- WHO has issued nutrition advice for adults during the COVID-19 outbreak
- It has advised to avoid overcooking food as it destroys vital nutrients
- Choose fresh fruits instead of sweet snacks such as cookies, says WHO
New Delhi: As people across the world wade through these unprecedented times, there are concerns emerging about what one should eat and how to prepare food to maximize the intake of vital vitamins, proteins, anti-oxidants and other micro-nutrients in order to boost one’s immunity. In the wake of the ongoing coronavirus pandemic, World Health Organisation (WHO) has recently released a document on nutrition advice for adults during these times. The advisory highlights the importance of a balanced diet and personal hygiene will cooking and having food and also provides tips on increasing daily nutrient intake.
Also Read:Opinion: Amid Coronavirus Outbreak Lockdown, Governments Must Tap Anganwadis Better To Fight Hunger; A View From Delhi
COVID-19 Outbreak: WHO’s Nutrition Advice For Adults
According to WHO, a balanced diet and hydration are vital. It advises eating fresh fruits and vegetables, legumes, nuts, unsaturated fats found in fish, avocado, coconut oils, and whole grains like unprocessed wheat, maize, millet, oats, brown rice and foods from animal sources like meat, fish, eggs and milk. It recommends eating two cups of fruits, 2.5 cups of vegetable, 180 grams of grains and 160 grams of meat and beans. It further says that red meat can be eaten 1-2 times per week and poultry meat can be consumed 2-3 times per week. It recommends choosing white meat (like poultry) and fish, which are generally, low in fat, rather than red meat. It also asks people to consume low-fat milk and dairy products.
WHO advises people not to overcook vegetables and fruit as this can lead to the loss of important vitamins. It recommends using only those canned or dried vegetables and fruits that do not have salt and sugar added to it. It further recommends avoiding industrially produced foods as those are high in transfats. When cooking and preparing food, limit the amount of salt and high-sodium condiments and limit daily salt intake to less than 5 grams and use only iodized salt, says WHO.
Also Read:Eat Healthy Instead Of Taking Vitamin Capsules To Prevent COVID-19
In its advisory, WHO highlighted that water helps in transporting nutrients in the blood, regulates body temperature, gets rid of waste and lubricates joints. Therefore it recommends at least 8-10 cups of water every day.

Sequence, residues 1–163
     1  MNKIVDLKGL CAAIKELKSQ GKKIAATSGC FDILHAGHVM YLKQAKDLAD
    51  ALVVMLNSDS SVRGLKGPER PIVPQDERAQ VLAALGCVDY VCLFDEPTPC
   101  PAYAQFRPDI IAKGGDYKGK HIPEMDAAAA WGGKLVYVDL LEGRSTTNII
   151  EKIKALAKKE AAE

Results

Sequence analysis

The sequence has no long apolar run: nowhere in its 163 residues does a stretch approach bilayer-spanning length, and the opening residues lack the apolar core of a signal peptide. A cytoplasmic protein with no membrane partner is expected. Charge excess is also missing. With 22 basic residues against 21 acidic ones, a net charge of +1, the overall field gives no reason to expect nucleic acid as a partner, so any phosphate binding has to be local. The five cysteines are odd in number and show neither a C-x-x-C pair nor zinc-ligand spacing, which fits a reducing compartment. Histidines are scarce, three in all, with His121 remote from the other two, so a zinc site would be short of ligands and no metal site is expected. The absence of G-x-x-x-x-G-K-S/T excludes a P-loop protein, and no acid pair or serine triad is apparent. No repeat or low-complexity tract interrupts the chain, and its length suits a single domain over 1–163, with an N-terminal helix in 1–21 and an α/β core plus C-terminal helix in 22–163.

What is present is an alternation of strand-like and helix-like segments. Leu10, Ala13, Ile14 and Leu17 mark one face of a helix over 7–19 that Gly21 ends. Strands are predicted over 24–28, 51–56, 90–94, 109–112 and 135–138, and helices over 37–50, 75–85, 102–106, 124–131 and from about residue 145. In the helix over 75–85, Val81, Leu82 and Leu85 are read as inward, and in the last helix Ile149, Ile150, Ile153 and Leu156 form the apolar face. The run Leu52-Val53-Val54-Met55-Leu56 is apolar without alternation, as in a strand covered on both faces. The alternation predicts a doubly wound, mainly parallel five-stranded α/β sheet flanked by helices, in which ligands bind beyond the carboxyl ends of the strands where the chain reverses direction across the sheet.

According to Dr. Jagmeet Madan, National President Of Indian Dietetic Association, there is a lack of concrete evidence regarding specific dietary factors that can reduce risk of COVID-19, but it is a known fact that a healthy immune system plays a vital role in defending our body against diseases. She recommends taking a food-based approach for prevention from COVID-19 along with measures like social distancing and following public health advisories.
Appreciating the tips provided in WHO’s advice document, Dr. Madan said that one can ensure optimal intake of vitamins and minerals if one follows the recent advisory of WHO on nutrition. She added,
For fighting any kind of infection, it is important to build immunity. Micronutrients- vitamins and minerals are essential for optimal health and well-being. Micronutrients, particularly vitamins A, C, D, E, B2, B6, B12 and folic acid and minerals such as iron, selenium, zinc, magnesium and copper play an important role in ensuring the immune system can function properly.
Dr. Madan asserted that while there is no evidence as of now of contracting COVID-19 from touching food or food packaging that may have been exposed to the virus through an infected person, but the coronavirus causing COVID-19 can survive on surfaces and objects for a certain amount of time. Therefore, WHO strongly recommends cooking at home.
WHO says that washing hands regularly is extremely important, especially after touching frequently handled objects such as doorknobs or handles. It says that the food must be touched with absolutely clean hands.
Also Read:Hunger Crisis: Study Reveals People With Inadequate Access To Food More Likely To Die Prematurely